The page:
‘Inspiring Beauty’ at MAG: A Feast for the Fashion-Starved Student
Review & Photography by Christine G. Adamo
If you’ve yet to visit Memorial Art Gallery, “Inspiring Beauty” is a must-see.
The exhibit launched with a special Press-Only event held Fri., Jan. 29. Naz Girl About Town was there to take pictures and poke around on your behalf. “Inspiring Beauty: 50 Years of Ebony Fashion” came to MAG by way of the Chicago History Museum and is inspired by the efforts of Ebony magazine founder Eunice Walker Johnson.
The 40 looks on display, in MAG’s Grand Gallery, were conceived by:
• Christian Lacroix (France)
• Hanae Mori (Japan)
• Todd Oldham (U.S.)
• Fausto Sarli (Italy)
• Vivienne Westwood (U.K)
• -&- dozens of other world-class designers
Some of the most striking pieces include:
• A pink, silk chiné taffeta and horn cocktail dress by Tilmann Grawe (France)
• A corded silk, gold leaf and satin kimono-style ensemble by Hanae Mori (Japan)
• -&- a fur, lace, leather and denim ready-to-wear look by Angelo Marani (Italy)
With ample room to move around the gallery, it’s easy to get a 360-degree view of some of the more stunning designs. Mori’s kimono-inspired look comes to mind, as one outfit you’ll be grateful to be able to fully appreciate and take pictures of in-the-round. Easy-to-read placards accompany each look, making the experience both illuminating and, well, inspiring!
“Inspiring Beauty” is a spectacular display which at its core, MAG notes, is intended to redefine “the concepts of empowerment, pride and achievement for African Americans.” It also helps celebrate Black History Month with a nod to Mrs. Johnson’s achievements as an inspiration, entrepreneur and woman determined to find her own place in the fashion landscape of the not-yet-fully-desegregated 1950s.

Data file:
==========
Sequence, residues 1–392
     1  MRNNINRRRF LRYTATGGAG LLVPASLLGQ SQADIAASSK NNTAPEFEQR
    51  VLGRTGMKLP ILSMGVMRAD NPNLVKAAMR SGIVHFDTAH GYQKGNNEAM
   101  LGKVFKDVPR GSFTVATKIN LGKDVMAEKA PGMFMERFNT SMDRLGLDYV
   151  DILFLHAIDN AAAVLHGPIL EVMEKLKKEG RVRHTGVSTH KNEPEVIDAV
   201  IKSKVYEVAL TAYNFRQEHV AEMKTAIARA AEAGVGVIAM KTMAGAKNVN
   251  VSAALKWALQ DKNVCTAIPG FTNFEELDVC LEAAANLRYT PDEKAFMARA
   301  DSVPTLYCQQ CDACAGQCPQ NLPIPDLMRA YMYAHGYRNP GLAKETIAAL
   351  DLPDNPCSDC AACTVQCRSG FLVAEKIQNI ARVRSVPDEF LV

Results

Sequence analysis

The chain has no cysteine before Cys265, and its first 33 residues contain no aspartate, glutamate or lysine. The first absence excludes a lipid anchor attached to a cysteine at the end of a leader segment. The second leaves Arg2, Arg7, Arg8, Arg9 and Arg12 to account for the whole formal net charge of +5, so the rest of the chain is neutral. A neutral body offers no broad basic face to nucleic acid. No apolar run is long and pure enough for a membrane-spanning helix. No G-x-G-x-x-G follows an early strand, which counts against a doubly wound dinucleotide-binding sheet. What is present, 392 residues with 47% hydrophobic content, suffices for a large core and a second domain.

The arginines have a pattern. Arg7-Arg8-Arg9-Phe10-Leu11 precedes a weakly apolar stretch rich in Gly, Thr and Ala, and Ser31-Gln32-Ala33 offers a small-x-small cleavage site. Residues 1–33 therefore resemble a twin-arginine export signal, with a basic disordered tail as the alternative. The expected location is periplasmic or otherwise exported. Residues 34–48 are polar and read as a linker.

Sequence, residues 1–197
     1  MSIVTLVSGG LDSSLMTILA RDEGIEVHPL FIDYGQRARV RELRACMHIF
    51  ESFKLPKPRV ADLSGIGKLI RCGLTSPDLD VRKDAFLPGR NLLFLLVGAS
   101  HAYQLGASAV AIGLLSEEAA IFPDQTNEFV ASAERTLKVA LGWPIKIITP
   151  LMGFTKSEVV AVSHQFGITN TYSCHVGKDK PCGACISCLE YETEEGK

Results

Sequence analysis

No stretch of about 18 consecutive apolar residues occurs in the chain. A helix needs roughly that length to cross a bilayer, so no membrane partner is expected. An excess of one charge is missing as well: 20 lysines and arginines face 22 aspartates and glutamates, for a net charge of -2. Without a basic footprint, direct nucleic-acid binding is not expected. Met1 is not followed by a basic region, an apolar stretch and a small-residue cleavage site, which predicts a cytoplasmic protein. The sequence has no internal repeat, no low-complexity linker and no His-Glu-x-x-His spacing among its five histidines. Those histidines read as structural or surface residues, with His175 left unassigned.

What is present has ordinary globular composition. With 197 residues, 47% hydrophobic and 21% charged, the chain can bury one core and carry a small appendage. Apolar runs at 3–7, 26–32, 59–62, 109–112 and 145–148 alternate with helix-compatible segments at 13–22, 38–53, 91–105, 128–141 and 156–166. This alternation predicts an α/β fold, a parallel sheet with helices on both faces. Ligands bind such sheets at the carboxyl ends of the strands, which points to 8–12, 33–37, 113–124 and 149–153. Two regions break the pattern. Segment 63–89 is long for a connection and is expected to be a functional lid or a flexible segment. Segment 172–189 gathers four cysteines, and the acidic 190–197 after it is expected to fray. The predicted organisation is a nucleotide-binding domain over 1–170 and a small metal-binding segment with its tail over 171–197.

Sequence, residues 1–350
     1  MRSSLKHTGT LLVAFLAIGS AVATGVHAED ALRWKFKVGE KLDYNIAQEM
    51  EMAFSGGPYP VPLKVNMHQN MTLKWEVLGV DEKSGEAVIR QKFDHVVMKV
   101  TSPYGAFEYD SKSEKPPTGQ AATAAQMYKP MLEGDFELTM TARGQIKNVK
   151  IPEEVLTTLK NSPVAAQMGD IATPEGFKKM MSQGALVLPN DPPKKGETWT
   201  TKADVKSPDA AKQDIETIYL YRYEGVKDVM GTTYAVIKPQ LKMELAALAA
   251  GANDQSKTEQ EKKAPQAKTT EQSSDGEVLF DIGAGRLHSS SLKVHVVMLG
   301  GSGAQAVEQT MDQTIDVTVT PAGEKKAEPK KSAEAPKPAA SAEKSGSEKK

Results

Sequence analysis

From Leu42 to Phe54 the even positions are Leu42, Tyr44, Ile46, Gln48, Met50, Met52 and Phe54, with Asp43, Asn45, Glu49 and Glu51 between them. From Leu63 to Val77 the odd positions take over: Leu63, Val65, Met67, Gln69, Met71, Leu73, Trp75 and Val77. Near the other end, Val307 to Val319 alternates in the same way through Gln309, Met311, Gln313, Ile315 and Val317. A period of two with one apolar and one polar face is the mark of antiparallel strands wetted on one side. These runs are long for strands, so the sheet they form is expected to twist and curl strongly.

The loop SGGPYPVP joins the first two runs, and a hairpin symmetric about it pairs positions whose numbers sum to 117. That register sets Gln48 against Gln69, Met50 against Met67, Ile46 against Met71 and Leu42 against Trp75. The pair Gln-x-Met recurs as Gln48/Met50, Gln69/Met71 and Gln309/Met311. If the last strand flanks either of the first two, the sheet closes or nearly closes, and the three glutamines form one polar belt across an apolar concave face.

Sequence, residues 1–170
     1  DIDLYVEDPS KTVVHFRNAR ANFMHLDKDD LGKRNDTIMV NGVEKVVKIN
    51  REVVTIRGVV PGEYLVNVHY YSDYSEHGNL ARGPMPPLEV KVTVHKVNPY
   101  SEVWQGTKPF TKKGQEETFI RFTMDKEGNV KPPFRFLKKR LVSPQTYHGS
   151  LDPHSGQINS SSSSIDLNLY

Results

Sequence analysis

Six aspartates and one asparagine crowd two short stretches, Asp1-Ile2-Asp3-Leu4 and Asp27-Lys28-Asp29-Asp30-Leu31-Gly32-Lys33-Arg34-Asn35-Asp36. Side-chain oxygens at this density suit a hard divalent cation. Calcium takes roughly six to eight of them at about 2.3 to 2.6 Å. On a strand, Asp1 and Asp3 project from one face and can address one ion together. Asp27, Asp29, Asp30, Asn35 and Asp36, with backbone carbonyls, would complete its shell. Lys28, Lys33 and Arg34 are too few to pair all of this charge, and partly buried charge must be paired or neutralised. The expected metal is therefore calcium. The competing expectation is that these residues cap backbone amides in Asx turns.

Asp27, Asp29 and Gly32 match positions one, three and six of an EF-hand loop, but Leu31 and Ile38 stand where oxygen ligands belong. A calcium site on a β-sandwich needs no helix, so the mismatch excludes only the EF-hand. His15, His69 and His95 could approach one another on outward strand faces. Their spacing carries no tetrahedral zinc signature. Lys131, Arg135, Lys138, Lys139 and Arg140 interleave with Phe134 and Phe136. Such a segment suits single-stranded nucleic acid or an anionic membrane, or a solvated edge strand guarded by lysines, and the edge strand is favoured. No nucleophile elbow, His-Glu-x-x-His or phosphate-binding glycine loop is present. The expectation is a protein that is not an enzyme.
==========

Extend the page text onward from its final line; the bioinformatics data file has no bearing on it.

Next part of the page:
In writing “Separate, Unequal and Ignored” for The Chicago Reader (a subsidiary of Sun-Times Media) in 2011, Steve Bogira noted that “racial segregation remains Chicago’s most fundamental problem.” Yet, he said, Federal District Court Judge Richard B. Austin called for a formal end to segregation, in 1969, while weighing in on Dorothy Gautreaux vs. the Chicago Housing Authority and residential segregation.
Which makes Mrs. Johnson’s efforts all the more remarkable. Her own husband and business partner, John, wrote of the rejection she faced while trying to incorporate herself into the fashion world, characterizing it in his autobiography as follows:
“Certain (European and American) designers assumed that White women wouldn’t value their designs if they were worn by Black women. We finally got through to one or two of the leading designers and the others followed.”
So, at a time when African American women were largely excluded from the fashion world, Ebony Fashion Fair (est. 1958) and Ebony magazine helped showcase, celebrate and give voice to the otherwise hidden aspects and aspirations associated with black life and raise millions in support of social causes.
Rochester, as it turns out, was one of the first cities to welcome the Fashion Fair.
“Inspiring Beauty” is presented by the Costume Council of the Chicago History Museum and is currently on a national tour under the direction of Int’l. Arts & Artists, which is based in Washington, D.C. Locally it is presented by the Gallery Council of the MAG and the N.Y.S. Council on the Arts.
The exhibit runs thru Sun., April 24—with MAG identified as the only Northeast venue hosting the show.
Admission to MAG, which includes entry to the Grand Gallery, costs:
• $14 – general
• $10 – senior citizens
• $5 – ages 6-18 and college students w/ID
• FREE – children <6, members of MAG and U of R students
The City of Rochester also hosts FREE admission, from 10am to 12pm, once monthly on Saturdays. Upcoming, applicable dates include March 5 and April 2. Learn more online at MAG.Rochester.edu, @magur on Twitter or via MAGRochester on Pinterest, Facebook and Instagram.